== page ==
Thank you for raising this issue; we agree that it is important to disambiguate episodic-based choices from noisy choices. This point is related to Reviewer One’s first Public Review suggestion, and our solution is described in detail in our response there. In brief, we first assessed the extent to which each subject made noisier choices in the high volatility compared to the low volatility environment and then controlled for this in our analysis of episodic-based choice between environments. The effect of environment was similar to that originally reported in the manuscript following this adjustment. The reported effects (lines 178 and Appendix 1) and methods (lines 643-655) have been updated to reflect these changes.

(4) Another question relates to the interpretation of competing for episodic v. incremental strategies, as opposed to just learning about independent features. One could argue that the subjects are doing instrumental learning over objects and colors separately, and when the reliability of one feature (color) is decremented, the other feature is relatively up-weighted. This also seems consistent with the fact that episodic and incremental learning tradeoff -- attending more to the object feature would perhaps compete with color.

We agree that this is a possible interpretation of our task—for the purposes of this study, we operationalized incremental learning as a repeated feature and episodic memory as a trialunique feature, but future work can be done to more directly implicate each of these memory systems in a task that allows for them to trade off. We have added a paragraph to the paper discussing and responding to this point in more detail (lines 447-461).

(5) The authors show that uncertainty at encoding time does not have a discernible effect on the episodic index. This is evidence that volatility is modulating episodic contribution to decision-making, rather than encoding strength, which is a pretty fundamental part of the results (and in contrast to eg Sun et al. 2021, where unpredictability modulates episodic consolidation). One key thing to look at is if subjects show any difference in their ability to recall familiarity/value of objects from the different conditions. This would also speak to the question of if volatility is affecting encoding rather than just recall during decision-making. It would also make sense to look at the role of other variables at encoding time (eg prediction error) to see if these predict future use. It would also be interesting to see if subjects are storing the object value or the incremental value at the time the object was first shown -- this would be easy to check (when subjects rate the value in the last block, are they more likely to err in the direction of the incremental value at the time of encoding (eg like Figure 2A but with x-axis = incremental value at the time estimated with RW)). This would shed insight into exactly what kind of episodic strategy the subjects are deploying.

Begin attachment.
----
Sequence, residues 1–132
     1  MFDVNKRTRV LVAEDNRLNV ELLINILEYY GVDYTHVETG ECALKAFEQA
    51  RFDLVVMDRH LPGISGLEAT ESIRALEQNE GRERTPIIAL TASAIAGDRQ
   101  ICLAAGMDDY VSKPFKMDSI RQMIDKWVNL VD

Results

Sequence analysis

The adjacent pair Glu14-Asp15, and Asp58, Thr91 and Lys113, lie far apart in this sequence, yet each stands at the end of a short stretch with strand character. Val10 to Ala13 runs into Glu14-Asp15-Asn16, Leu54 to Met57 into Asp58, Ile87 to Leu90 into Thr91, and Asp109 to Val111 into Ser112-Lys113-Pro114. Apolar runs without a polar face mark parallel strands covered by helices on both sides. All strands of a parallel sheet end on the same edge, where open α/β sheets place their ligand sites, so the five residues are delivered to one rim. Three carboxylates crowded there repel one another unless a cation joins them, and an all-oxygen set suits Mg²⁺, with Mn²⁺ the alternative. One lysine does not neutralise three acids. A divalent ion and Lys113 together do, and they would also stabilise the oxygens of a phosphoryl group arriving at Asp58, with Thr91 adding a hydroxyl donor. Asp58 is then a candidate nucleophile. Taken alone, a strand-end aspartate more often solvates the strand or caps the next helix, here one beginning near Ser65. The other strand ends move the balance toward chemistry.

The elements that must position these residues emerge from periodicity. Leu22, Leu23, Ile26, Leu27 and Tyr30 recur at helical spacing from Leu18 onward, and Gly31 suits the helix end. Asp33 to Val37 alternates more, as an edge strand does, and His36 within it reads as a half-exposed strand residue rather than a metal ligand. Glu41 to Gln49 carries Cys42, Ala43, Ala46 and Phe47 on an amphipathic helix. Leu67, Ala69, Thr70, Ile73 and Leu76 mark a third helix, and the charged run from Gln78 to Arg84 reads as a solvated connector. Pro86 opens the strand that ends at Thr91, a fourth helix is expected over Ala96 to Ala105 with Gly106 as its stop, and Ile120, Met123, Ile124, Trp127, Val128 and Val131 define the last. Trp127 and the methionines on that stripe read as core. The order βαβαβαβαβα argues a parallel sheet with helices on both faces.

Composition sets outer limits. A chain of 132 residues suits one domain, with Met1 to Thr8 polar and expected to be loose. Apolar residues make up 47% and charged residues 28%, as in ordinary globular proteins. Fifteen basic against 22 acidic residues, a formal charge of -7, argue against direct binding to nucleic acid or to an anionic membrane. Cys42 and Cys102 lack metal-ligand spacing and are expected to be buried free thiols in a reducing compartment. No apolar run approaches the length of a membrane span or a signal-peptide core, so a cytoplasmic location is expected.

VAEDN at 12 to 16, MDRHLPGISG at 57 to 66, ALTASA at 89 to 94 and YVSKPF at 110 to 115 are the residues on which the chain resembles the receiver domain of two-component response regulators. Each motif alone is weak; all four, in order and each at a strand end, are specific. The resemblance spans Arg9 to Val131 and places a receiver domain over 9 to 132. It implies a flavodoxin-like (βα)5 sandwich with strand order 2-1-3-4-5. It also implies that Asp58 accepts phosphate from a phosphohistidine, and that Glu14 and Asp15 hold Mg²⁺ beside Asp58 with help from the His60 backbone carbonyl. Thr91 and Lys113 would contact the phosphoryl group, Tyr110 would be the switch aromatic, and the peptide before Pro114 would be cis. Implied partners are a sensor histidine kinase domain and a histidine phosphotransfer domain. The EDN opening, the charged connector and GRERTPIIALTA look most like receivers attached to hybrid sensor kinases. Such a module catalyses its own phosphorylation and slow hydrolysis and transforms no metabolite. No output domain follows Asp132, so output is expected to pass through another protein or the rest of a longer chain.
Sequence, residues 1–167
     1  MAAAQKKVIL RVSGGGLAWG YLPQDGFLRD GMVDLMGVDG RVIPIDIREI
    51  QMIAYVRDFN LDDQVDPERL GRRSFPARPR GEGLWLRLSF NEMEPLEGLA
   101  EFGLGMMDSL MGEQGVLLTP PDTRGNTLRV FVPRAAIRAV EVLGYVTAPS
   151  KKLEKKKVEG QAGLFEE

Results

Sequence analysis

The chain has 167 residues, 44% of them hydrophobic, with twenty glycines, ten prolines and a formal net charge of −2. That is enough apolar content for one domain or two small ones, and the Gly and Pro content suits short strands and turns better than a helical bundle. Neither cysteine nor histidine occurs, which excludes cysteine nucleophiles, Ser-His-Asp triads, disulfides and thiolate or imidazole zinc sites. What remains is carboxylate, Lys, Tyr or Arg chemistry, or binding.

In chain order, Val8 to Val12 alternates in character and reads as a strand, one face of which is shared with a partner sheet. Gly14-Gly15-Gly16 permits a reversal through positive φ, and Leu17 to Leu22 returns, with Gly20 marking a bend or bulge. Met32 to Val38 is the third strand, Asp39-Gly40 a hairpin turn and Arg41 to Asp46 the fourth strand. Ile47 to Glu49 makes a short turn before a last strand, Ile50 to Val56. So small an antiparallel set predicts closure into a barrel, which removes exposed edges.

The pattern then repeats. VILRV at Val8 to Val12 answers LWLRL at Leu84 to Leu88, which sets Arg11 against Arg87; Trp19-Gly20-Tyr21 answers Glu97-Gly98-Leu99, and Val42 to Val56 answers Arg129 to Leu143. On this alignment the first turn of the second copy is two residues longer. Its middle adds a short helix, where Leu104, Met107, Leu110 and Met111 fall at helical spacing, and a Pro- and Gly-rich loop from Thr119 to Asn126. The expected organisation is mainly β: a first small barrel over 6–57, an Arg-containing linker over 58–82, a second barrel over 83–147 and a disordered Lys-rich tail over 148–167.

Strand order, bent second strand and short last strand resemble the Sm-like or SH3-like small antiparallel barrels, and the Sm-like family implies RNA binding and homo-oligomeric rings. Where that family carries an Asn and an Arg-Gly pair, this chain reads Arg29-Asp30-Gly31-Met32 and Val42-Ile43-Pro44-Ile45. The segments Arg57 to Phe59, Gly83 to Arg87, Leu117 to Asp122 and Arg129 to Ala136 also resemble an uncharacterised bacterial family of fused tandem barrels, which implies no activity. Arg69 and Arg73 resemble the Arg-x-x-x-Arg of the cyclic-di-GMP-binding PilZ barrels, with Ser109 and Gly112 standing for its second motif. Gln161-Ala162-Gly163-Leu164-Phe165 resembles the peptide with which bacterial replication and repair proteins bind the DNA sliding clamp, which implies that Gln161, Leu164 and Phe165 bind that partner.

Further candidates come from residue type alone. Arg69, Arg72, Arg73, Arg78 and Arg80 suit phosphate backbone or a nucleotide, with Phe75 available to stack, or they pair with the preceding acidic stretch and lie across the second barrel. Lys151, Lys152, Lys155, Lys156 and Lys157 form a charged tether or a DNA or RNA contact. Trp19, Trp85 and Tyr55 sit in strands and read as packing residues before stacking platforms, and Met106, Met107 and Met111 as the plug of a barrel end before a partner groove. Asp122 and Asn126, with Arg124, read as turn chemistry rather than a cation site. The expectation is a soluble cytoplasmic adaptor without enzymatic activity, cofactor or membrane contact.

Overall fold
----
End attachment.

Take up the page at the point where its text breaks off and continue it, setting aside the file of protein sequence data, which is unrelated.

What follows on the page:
Thank you for these suggestions, as we agree that there are many other opportunities for analysis of the subsequent memory data. We now expand these analyses, as detailed below as well as in response to Reviewer Two (point five, above). First, we looked at the effects of RU, change-point probability (CPP), and absolute prediction error (APE) at encoding time on both subsequent recognition and value memory (lines 342-347 and Appendix 2).

In addition, based on your other points here, we also performed several other analyses of the subsequent memory data. We first looked at whether subsequent memory differed depending on whether an object was seen in either the low or high volatility environment. For recognition memory, this analysis consisted of calculating the signal detection metric d-prime for objects seen in each environment and testing for a difference in performance. For value memory, we tested for the presence of an interaction between an object’s true value and the environment in which it appeared on the value that was remembered by each participant. While environment did not impact value memory, recognition memory performance was better for objects seen in the high compared to the low volatility environment, suggesting that greater volatility at encoding time improved subsequent recall. These analyses are now included in the updated Methods (lines 732-751) and Results (lines 308-318) and Appendix 2. Lastly, based on your final point, we additionally looked at whether participants were more sensitive to episodic or incremental value at the time of encoding when reporting their remembered value for objects and found that object value (Main: β = 0.173, 95% CI = [0.159, 0.187]; Replication: β = 0.183, 95% CI = [0.168, 0.197]) was a substantially stronger predictor than incremental value (Main: β = 0.012, 95% CI = [0.001, 0.024]; Replication: β = 0.014, 95% CI = [0.002, 0.026]) in both samples, thereby suggesting that episodic value was more likely to drive these memory responses.